Second, the FHA contends there is an absence of diversity between plaintiff and the FHA because the FHA is not a citizen of one of the states. We disagree. For the purpose of process and diversity of citizenship, the FHA is to be treated as a federal corporation and a citizen of the District of Columbia. Garden Homes, Inc. v. Mason, 249 F.2d 71 (C.A. 1, 1957), cert. den. 356 U.S. 903, 78 S. Ct. 562, 2 L. Ed. 2d 580 (1958).

Third, the FHA denies that it is a suable entity. However, its very own enabling legislation, 12 U.S.C. § 1702, specifically authorizes the FHA, in carrying out its statutory purposes, to sue and be sued in any court of competent jurisdiction. See e. g. Federal Housing Administration Region No. 4 v. Burr, 309 U.S. 242, 60 S. Ct. 488, 84 L. Ed. 724 (1940).


Answers to the interpleader complaint have been filed by defendants Strescon, Thonet and Frankford. Defendant Thonet prays that the interpleader complaint be dismissed. Defendants Strescon and Frankford pray that the plaintiff be required to deposit the $78,118.50 into the Registry of the court as a condition for maintaining this interpleader action. Strescon and Frankford also pray that the plaintiff be denied payment out of the fund deposited into the court for costs and expenses incurred in the prosecution of this action. Frankford also seeks to join third-party defendants against whom Frankford has claims or who have asserted claims against Frankford arising out of the transactions concerning the construction of the Northampton Nursing Home.

Under the interpleader statute, 28 U.S.C. § 1335(a), the deposit of funds or the giving of a bond is a jurisdictional prerequisite to maintaining such an action. Edner v. Massachusetts Mutual Life Ins. Co., 138 F.2d 327 (C.A. 3, 1943). In non-statutory interpleader under F.R.Civ.P. 22, although deposit is not a jurisdictional prerequisite, it is often required in the discretion of the court as a means of safeguarding the disputed fund and facilitating execution of judgment. 3A Moore's Federal Practice ¶ 22.10 (2d ed. 1970), Wright, The Law of Federal Courts 326 (2d ed. 1970).

Here, the plaintiff desires to dispute the amount of its obligation, in whole or in part. In such case, it is appropriate to require the plaintiff to deposit or give bond for the largest amount that is in dispute. 3A Moore's Federal Practice ¶ 22.10.

Plaintiff seeks an award for the costs and expenses incurred by it in the prosecution of this action. The prevailing principle in federal interpleader actions, whether brought under the statute or Rule 22, is that it is within the discretion of the court to award the stakeholder's costs out of the deposited fund. However, where a stakeholder contests his liability, in whole or in part, with regard to the fund, counsel fees may be denied or allowed only for costs allocable *134 to that part of the case involving initiating the interpleader action; but not to counsel fees expended in protection of the stakeholder's alleged interests in the fund. 3A Moore's Federal Practice ¶ 22.16(2). However, we need not resolve this issue at this time. Cf. United Benefit Life Ins. Co. v. Katz, 155 F. Supp. 391, 394 (E.D.Pa.1957), Pennsylvania Fire Ins. Co. v. American Airlines, Inc., 180 F. Supp. 239, 243 (E.D.N.Y. 1960).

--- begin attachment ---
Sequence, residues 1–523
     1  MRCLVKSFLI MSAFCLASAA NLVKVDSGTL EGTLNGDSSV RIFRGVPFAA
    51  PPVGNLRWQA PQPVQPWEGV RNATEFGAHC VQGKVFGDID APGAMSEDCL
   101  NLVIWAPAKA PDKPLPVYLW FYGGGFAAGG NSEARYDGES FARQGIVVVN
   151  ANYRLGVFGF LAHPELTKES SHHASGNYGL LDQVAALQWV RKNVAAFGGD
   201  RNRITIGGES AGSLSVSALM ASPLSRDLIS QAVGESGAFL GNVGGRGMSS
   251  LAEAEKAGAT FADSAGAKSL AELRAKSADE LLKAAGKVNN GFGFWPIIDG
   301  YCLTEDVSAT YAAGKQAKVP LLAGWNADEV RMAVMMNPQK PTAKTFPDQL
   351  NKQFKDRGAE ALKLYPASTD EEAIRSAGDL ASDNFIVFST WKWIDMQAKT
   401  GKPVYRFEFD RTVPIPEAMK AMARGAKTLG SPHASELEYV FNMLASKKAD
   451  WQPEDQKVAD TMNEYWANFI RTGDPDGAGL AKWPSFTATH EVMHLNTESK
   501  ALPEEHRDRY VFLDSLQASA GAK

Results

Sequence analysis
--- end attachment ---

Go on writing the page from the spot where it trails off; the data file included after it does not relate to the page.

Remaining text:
On November 29, 1971, an order was filed requiring the defendants to show cause why an injunction pendente lite should not be granted. A hearing on this motion was held before United States District Judge James H. Gorbey on December 21, 1971, who took the matter under advisement.

Defendant Strescon filed a brief in opposition to plaintiff's motion for a restraining order. Strescon's objection was based on plaintiff's failure to make a deposit of the amount in controversy with the Registry of the court. Defendant Thonet has indicated that although it opposes the interpleader complaint, it has no objection to such an order.

For the reasons already discussed, we find that a preliminary injunction is appropriate in this case, and the plaintiff's motion will be granted. However, this injunction will be conditioned upon the compliance of the plaintiff with the Order of this court to deposit the $78,118.50 with the court or to post a bond in that amount with adequate surety.


And now, this 27th day of December, 1972, it is ordered as follows:

1. The motion to dismiss by defendant Federal Housing Administration is denied.

2. The defendant Federal Housing Administration shall have sixty (60) days in which to file an answer to the complaint.

3. As a condition to maintaining this action, plaintiff shall deposit with the Registry of this court within twenty (20) days the amount of $78,118.50, or shall enter into a bond with sufficient surety in that amount.

4. Upon deposit with the court of $78,118.50 by the plaintiff, defendants are enjoined from instituting, maintaining or prosecuting any suit at law or in equity or action of any kind whatsoever against the plaintiff with respect to the reinsurance agreement in connection with the nursing home project referred to herein, until further order of this court.

5. Defendants shall interplead and settle among themselves their rights, if any, to the sum of $78,118.50 deposited by the plaintiff with the court.

6. Defendants shall set forth in this proceeding any and all claims based on the reinsurance agreement mentioned herein, and upon failure to do so, said defendants shall be forever barred and estopped from hereafter asserting any claim or demand under or by virtue of said agreement.

7. Defendant Frankford Trust Company is granted leave to join such other third parties against whom Frankford Trust Company has claims and/or who have asserted claims against Frankford Trust Company arising out of the transaction and series of transactions concerning the construction of the Northampton Nursing Home which is the subject matter of this complaint.

8. Plaintiff's motion for costs and expenses incurred by it in the prosecution of this action is denied without prejudice.